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The skincare market is full of face masks available at your disposal. With a wide range of benefits, from increased collagen production to helping correct hyperpigmentation, these masks can be beneficial to our skincare regimen. The masks help us obtain radiant and youthful skin.

However, with all the options to choose from, it can be quite challenging to make a decision. So between sheets, peel-offs, and clay masks, we give you a dissection of each. We also list benefits and disadvantages to help you make an informed decision on what to incorporate into your skincare regimen.

Types of Face Masks 

1. Sheet Masks

These masks are opted for due to their ability to work as a physical barrier that seals your skin with a combination of highly beneficial ingredients. Much like the human body, the primary ingredient in sheet masks is water.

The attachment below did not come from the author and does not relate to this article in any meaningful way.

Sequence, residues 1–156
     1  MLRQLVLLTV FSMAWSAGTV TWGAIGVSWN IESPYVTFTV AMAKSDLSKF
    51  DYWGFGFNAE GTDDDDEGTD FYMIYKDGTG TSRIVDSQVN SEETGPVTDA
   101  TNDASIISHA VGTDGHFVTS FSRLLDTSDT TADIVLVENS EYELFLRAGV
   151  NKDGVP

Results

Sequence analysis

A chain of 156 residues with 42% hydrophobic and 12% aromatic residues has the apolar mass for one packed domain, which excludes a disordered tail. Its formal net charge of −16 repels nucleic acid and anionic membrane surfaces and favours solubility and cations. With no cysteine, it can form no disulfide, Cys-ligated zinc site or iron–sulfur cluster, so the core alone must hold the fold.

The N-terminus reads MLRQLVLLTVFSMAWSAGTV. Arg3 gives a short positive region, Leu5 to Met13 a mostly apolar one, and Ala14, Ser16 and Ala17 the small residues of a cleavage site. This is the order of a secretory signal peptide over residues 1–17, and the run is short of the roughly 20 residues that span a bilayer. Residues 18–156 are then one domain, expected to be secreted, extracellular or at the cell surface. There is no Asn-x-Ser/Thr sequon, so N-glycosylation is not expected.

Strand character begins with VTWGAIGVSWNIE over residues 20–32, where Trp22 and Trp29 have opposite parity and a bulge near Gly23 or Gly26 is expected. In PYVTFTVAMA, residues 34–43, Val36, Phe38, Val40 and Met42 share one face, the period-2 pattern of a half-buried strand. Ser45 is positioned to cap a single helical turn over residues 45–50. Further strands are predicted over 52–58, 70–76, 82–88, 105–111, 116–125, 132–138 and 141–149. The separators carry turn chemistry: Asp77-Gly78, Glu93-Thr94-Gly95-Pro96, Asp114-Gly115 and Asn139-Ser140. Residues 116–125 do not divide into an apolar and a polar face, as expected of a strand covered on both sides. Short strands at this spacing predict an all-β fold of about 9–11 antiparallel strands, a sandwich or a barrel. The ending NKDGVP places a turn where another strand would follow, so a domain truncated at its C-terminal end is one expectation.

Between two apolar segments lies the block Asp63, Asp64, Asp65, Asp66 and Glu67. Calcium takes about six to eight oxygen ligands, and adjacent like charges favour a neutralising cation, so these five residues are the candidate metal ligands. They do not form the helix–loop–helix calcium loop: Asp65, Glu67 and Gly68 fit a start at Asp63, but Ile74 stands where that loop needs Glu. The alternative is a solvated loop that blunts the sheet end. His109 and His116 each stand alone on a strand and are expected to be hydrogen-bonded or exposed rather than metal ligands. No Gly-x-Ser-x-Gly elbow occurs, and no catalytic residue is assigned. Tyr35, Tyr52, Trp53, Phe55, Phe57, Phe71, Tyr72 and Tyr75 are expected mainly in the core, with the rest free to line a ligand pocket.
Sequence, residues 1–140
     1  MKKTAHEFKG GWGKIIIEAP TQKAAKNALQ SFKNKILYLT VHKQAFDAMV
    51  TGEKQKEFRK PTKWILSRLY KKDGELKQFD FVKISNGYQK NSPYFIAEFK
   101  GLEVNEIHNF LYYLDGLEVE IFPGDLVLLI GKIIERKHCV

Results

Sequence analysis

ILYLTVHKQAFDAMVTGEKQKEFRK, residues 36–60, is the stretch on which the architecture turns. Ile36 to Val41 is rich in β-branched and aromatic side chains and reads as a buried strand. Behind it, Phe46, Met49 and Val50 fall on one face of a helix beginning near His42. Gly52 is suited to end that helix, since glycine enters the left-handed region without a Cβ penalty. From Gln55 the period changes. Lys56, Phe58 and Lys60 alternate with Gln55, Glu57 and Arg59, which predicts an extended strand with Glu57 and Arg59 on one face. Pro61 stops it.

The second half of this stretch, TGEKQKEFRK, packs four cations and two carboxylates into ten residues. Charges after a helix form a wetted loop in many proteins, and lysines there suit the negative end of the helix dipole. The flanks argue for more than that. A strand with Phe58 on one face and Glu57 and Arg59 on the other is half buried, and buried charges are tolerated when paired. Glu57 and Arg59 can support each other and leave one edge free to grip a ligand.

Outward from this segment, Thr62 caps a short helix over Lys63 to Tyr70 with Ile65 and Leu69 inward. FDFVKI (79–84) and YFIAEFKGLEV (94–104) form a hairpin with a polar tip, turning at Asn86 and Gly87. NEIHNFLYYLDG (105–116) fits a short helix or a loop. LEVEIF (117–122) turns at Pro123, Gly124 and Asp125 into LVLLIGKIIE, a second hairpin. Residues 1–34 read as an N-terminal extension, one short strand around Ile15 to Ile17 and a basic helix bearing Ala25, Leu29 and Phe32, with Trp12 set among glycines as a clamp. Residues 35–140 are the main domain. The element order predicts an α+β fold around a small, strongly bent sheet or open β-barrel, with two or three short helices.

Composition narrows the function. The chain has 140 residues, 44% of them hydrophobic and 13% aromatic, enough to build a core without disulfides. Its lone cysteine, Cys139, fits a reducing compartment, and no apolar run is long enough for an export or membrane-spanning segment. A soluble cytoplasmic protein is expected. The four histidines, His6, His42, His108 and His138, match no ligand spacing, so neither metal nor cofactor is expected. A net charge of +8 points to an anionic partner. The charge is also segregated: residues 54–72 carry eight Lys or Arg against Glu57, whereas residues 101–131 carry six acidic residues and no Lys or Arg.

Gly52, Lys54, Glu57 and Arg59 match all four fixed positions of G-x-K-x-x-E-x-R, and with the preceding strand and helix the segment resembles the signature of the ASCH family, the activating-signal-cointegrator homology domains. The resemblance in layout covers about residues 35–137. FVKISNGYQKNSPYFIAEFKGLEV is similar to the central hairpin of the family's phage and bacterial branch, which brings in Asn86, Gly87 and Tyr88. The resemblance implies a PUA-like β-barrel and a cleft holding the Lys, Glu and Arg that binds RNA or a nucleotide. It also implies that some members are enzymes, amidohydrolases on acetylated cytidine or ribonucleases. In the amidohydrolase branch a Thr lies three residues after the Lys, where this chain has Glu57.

The CEO of Peach & Lily, Alicia Yoon says “many sheet masks use… water in the formula (which) can help with delivery (of ingredients) to the skin”.

With common ingredients including collagen, ceramides, niacinamide, and retinol, having water as the primary ingredient allows these stronger ingredients to be more palatable to the skin. 

Mask Recommendation

FARMSKIN Facial Sheet Mask


  • Ultra-hydrating: These thin sheets of paper are soaked in a combination of serums, helping them provide intense moisture. They can contain as much as 3× the normal amount of serum we typically use, containing a higher concentration of active ingredients.